For 2023 - we are now fully retired from IT training.
We have made many, many friends over 25 years of teaching about Python, Tcl, Perl, PHP, Lua, Java, C and C++ - and MySQL, Linux and Solaris/SunOS too. Our training notes are now very much out of date, but due to upward compatability most of our examples remain operational and even relevant ad you are welcome to make us if them "as seen" and at your own risk.
Lisa and I (Graham) now live in what was our training centre in Melksham - happy to meet with former delegates here - but do check ahead before coming round. We are far from inactive - rather, enjoying the times that we are retired but still healthy enough in mind and body to be active!
I am also active in many other area and still look after a lot of web sites - you can find an index ((here))
Convering from Python 2 to Python 3 - an update, and the 2to3 utility
Python 3 has now been with us for a number of years, but the move across from Python 2 to Python 3 is still far from complete. And as Python 3 is not source code compatible with Python 2, that's no big surprise to anyone. The very good reason for the changes is that the correct decisions made on langauge syntax in 1988 would not be the correct decisions for the language for 2018 or 2028, but there's a huge user bas of code out there which people have invested in and need to maintain and keep running, and a huge number of modules and packages that need to be converted and tested before end user programmers can make full use of them.
In order to help with the move in the future - so that Python 2 support can eventually (2019?) be phased out, some of the new facilities have been backported to Python 2. The new format
method on a string, for example, and the with
keyword. But some things cannot be easily backported.
Recommmendation is that you stick with developmement in 2.7 while you are still supporting Python 2 strema machines, writing your code with an eye on Python 3. It is possible to write code that will compile and run in both - our json parser demo
is an example - but there are time that's not the optimum thing to do.
Supplied with Python3 is a utility called 2to3
which will do a lot of the work for you; be wary though, because there are some changes in a dynamic language like Python which it's simply not possible to automate.
Here's an example of 2to3
WomanWithCat:q2 grahamellis$ 2to3 -w dx
RefactoringTool: Skipping implicit fixer: buffer
RefactoringTool: Skipping implicit fixer: idioms
RefactoringTool: Skipping implicit fixer: set_literal
RefactoringTool: Skipping implicit fixer: ws_comma
RefactoringTool: Refactored dx
--- dx (original)
+++ dx (refactored)
@@ -19,9 +19,9 @@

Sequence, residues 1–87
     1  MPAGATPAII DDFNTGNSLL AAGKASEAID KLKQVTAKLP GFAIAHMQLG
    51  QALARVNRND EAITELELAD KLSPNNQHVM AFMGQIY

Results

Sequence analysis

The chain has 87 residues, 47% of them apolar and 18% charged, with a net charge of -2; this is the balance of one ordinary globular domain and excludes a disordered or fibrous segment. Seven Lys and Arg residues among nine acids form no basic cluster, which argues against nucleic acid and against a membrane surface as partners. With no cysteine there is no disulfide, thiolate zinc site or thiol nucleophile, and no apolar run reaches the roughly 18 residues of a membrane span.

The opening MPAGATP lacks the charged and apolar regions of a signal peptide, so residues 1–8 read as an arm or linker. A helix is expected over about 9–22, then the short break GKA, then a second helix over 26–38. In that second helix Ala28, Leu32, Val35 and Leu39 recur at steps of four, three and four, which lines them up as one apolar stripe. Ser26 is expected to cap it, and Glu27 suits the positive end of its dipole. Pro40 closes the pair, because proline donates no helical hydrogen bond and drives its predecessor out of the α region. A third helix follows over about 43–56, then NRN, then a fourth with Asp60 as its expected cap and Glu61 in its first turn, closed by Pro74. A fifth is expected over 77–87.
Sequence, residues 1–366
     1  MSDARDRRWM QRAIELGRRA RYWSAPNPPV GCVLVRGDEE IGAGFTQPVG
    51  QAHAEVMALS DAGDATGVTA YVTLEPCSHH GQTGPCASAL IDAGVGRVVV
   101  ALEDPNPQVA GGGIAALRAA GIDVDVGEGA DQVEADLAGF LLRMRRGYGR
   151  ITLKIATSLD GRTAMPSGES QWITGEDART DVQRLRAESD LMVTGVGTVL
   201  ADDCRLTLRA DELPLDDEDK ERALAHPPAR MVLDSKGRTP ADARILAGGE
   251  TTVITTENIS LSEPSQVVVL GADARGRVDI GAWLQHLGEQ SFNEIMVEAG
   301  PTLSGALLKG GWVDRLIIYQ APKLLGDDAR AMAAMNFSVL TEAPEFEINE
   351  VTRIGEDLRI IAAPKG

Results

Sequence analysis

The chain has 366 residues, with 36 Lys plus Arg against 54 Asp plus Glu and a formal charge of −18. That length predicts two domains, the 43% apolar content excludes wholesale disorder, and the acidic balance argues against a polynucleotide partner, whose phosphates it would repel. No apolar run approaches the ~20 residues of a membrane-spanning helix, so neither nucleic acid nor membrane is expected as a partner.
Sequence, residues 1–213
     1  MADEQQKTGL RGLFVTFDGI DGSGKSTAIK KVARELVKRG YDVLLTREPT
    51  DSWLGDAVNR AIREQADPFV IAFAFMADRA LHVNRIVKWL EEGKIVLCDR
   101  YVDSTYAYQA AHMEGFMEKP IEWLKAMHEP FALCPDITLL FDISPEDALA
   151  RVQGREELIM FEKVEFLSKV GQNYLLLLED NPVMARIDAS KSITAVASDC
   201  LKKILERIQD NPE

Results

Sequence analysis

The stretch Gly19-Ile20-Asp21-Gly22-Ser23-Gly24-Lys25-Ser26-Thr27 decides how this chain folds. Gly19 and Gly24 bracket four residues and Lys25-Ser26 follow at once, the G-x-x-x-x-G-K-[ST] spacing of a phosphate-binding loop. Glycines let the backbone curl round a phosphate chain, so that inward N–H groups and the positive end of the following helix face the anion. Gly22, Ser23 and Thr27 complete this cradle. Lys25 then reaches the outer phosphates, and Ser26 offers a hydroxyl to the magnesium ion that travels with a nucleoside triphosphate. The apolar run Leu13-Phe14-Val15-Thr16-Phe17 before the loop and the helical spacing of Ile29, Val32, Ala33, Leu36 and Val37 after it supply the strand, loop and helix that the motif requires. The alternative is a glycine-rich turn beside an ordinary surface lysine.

edges = getEdges(width,height,depth)
corners = getCorners(width,height,depth)
-print "Volume is",volume
-print "Surface ares is",surface
-print "Edge length is",edges
+print("Surface ares is",surface)
+print("Edge length is",edges)
RefactoringTool: Files that were modified:
And here's a note of the changes it's made:
WomanWithCat:q2 grahamellis$ diff dx dx.bak
< print("Volume is",volume)
< print("Surface ares is",surface)
< print("Edge length is",edges)
> print "Our",what,"is",width,"by",height,"by",depth
> print "Volume is",volume
> print "Surface ares is",surface
> print "Edge length is",edges
> print "Corners",corners
Our public Python Courses
are moving from Python 2 to Python 3 over the next year; examples are run in both at present and that will continue, but the bias will switch - and with typical group sizes being just three or four delegates, I'm well able to tailor the presentation to suit the group.
Private courses are run using Python 2, or Python 3, after a discussion with the technical lead prior to the course. Almost inevitably, any courses in Python 2 will have a strong element of "do it this way to prepare for the future" about them, but it's rare for a course to be jumping back and forth between every example as that serves more to baffle than to clarify! (written 2016-10-30)
Associated topics are indexed as below, or enter http://melksh.am/nnnn for individual articlesY300 - Python 3 - What is new, what's changed and why 
Python 3000 - the next generation - (2006-06-09) 
Python 2 to Python 3 / Python 3000 / Py3k - (2008-09-07) 
The road ahead - Python 3 - (2008-09-10) 
Python classes / courses - what version do we train on? - (2009-07-10) 
Great new diagrams for our notes ... Python releases - (2009-07-13) 
Moving the product forward - ours, and MySQL, Perl, PHP and Python too - (2010-01-01) 
Learning to program in Python 2 ... and / or in Python 3 - (2010-05-24) 
Moving from Python 2.6 to Python 3 - (2010-07-14) 
Sorting in Python 3 - and how it differs from Python 2 sorting - (2015-04-20) 
Testing in Python 3 - unittest, doctest and __name__ == __main__ too. - (2015-04-21) 
Progress on moving from Python 2 to Python 3 - training for both versions - (2015-12-01) 
Object and Static methods - what is the difference; example in Python 3 - (2016-02-17) 
Why populate object with values as you construct them? - (2016-02-18) 
A reminder of the key issues to consider in moving from Python 2 to Python 3 - (2016-10-30)
Some other Articles
Well House Manor - Still five out of five!The technical article feed continues - personal updates more proactive on Facebook now!Equality (in Python)Convering from Python 2 to Python 3 - an update, and the 2to3 utilitySearching a Json or XML structure for a specific key / value pair in PythonSome gems from Intermediate PythonScons - a build system in Python - building hello worldSome gems from an introduction to PythonMelksham trial train service is to be made permanent
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This is a page archived from The Horse's Mouth at
the diary and writings of Graham Ellis.
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releases, price changes, new techniques. Please check back via
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